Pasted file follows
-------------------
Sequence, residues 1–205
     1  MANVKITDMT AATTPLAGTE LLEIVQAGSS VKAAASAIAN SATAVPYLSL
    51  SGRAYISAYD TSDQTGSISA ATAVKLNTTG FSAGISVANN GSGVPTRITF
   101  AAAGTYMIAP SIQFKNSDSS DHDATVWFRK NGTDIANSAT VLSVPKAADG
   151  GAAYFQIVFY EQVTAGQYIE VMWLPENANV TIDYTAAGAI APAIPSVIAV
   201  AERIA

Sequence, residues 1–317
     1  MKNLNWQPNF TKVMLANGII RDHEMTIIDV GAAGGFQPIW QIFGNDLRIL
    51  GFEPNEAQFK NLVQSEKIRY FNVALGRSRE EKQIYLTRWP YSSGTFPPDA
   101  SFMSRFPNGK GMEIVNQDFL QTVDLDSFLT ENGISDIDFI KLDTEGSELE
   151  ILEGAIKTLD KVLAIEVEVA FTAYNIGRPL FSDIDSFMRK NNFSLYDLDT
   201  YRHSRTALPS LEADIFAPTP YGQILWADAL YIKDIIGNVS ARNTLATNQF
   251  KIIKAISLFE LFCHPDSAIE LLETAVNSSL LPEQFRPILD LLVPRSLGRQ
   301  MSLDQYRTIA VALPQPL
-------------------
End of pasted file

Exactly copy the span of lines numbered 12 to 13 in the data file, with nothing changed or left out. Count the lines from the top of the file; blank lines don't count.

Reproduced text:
   201  YRHSRTALPS LEADIFAPTP YGQILWADAL YIKDIIGNVS ARNTLATNQF
   251  KIIKAISLFE LFCHPDSAIE LLETAVNSSL LPEQFRPILD LLVPRSLGRQ